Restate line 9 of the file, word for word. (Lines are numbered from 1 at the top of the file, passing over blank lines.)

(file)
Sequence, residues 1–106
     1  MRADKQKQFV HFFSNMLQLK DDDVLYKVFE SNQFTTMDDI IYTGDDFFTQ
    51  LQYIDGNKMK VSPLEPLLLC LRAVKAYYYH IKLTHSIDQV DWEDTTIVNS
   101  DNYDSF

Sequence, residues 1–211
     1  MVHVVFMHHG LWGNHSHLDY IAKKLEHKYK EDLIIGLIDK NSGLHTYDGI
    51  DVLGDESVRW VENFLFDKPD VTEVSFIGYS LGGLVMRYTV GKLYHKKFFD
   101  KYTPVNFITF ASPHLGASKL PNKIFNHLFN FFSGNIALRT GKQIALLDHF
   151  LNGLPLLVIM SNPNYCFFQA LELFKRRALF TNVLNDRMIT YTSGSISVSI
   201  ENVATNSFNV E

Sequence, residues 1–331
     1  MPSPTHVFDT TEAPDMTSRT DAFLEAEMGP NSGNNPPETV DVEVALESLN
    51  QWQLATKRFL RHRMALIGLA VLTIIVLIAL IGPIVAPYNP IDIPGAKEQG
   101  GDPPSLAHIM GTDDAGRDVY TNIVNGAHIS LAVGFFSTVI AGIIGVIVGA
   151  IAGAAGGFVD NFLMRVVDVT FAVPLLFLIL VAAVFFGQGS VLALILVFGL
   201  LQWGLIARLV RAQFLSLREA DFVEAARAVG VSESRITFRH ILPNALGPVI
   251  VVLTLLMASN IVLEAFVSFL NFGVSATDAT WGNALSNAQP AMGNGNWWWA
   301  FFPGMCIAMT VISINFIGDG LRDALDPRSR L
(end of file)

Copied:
   151  LNGLPLLVIM SNPNYCFFQA LELFKRRALF TNVLNDRMIT YTSGSISVSI